The accounting services firm PwC has announced that it is testing a blockchain analytics tool, designed to track digital tokens since its launch in Initial Currency Offers (ICO).
PwC, which last November revealed that it has accepted bitcoins in exchange for consulting services, has said that the new software will help companies protect themselves from having their tokens misused in criminal activities.
PwC seeks to capitalize on the growing interest in ICO
PwC is a prestigious multinational audit firm, which has offices in many parts of the world. Right now it is one of the two largest audit companies worldwide.
Last November, the Wall Street Journal reported that the Hong Kong PwC office accepted Bitcoin as payment for consulting services, revealing that the company has been interested in digital currency and the underlying blockchain technology for the past three years.
The measure was considered a milestone for the companym and an indication that Bitcoin and other cryptocurrencies have begun to have more widespread acceptance by traditional finance operators.
The partner of PwC China and Hong Kong, Eric Young, has said that with the new blockchain analysis software, the company seeks to capitalize on the growing interest of Asian companies in the manufacturing, retail and technology sectors, which seek to raise funds through Initial Coin Offering (ICO).
Some analysts believe that PwC is planning to take advantage of the migration of many companies to Hong Kong and Singapore, which have become privileged places for tokens emissions, since both have decided not to regulate the ICOs.
ICO issuers will be able to track their post-emissions tokens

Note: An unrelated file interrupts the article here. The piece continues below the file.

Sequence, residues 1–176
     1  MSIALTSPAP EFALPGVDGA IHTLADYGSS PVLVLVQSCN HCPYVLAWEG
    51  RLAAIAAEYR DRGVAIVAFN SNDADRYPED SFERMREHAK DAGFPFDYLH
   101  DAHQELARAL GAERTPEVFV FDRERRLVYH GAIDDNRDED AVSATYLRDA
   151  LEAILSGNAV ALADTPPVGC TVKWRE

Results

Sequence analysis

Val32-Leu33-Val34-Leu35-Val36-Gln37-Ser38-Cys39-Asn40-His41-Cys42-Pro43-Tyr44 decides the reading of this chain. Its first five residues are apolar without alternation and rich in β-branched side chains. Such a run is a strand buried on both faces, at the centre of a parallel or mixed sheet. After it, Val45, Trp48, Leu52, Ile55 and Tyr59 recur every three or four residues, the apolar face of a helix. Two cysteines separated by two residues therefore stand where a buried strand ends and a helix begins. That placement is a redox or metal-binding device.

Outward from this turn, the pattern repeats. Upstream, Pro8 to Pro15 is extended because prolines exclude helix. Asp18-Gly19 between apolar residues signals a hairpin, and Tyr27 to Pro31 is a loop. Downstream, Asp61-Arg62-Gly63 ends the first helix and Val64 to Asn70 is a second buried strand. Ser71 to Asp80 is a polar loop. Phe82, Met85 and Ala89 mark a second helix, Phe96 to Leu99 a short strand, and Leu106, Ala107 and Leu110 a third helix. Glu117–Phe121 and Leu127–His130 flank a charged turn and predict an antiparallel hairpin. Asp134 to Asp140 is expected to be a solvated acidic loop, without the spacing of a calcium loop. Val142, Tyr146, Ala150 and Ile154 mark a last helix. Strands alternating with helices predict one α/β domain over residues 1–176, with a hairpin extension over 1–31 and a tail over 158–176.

Mr. Young has said that the new blockchain analytics tool, which is being developed by an emerging technology team that is made up of more than 80 people, will enable ICO issuers to track their cryptocurrencies from the moment of the emission, to avoid its use in illicit activities.
Blockchain is a decentralized digital ledger, which keeps records of all transactions that take place through a point-by-point network. In that regard, Young has shown that “While on the blockchain ledger one could track the amount of transactions that have been done using cryptocurrencies, there is still no way for an issuer of an ICO to trace its coins and know how these coins are being used.”
PwC has said that the company is focused on helping companies to better manage risks, and prevent their tokens from being transferred to entities or individuals linked to sanctioned countries, which will allow the company to take measures to prevent its use in illicit transactions.
Mr. Young promises that “With artificial intelligence incorporated into our backup engine, our solutions will allow customers to better predict to which jurisdictions the digital token could potentially circulate”, adding that “depending on the type of company and the type of business in which it participates, it could apply a high-risk rating to that particular jurisdiction.”
Innovation can strengthen PwC ties with new launches of ICOs
During the last six months, PwC has been working with companies seeking to launch ICOs, assisting them in designing their governance structure. That includes verification of the procedures of its clients, to comply with the legal practices and regulations in anti-money laundering procedures. In addition, they have been providing support and advice in litigation and structuring tax payments.
During a launch of ICO, the companies sell a fixed amount of digital tokens, as a way to raise funds for their projects related to blockchain, such as payment networks, games or finances. PwC estimates that in the first 10 months of 2017, about 3.25 billion dollars were raised through ICOs around the world.
The new blockchain analytics software from PwC could be a step to improve the negative perception that exists in relation to ICOs, which until this day do not have specific accounting standards.
This is a reason for cryptocurrencies to be seen with reservations, since from some sectors they are perceived as a tool to allow money laundering, and in some cases as a way to finance terrorism.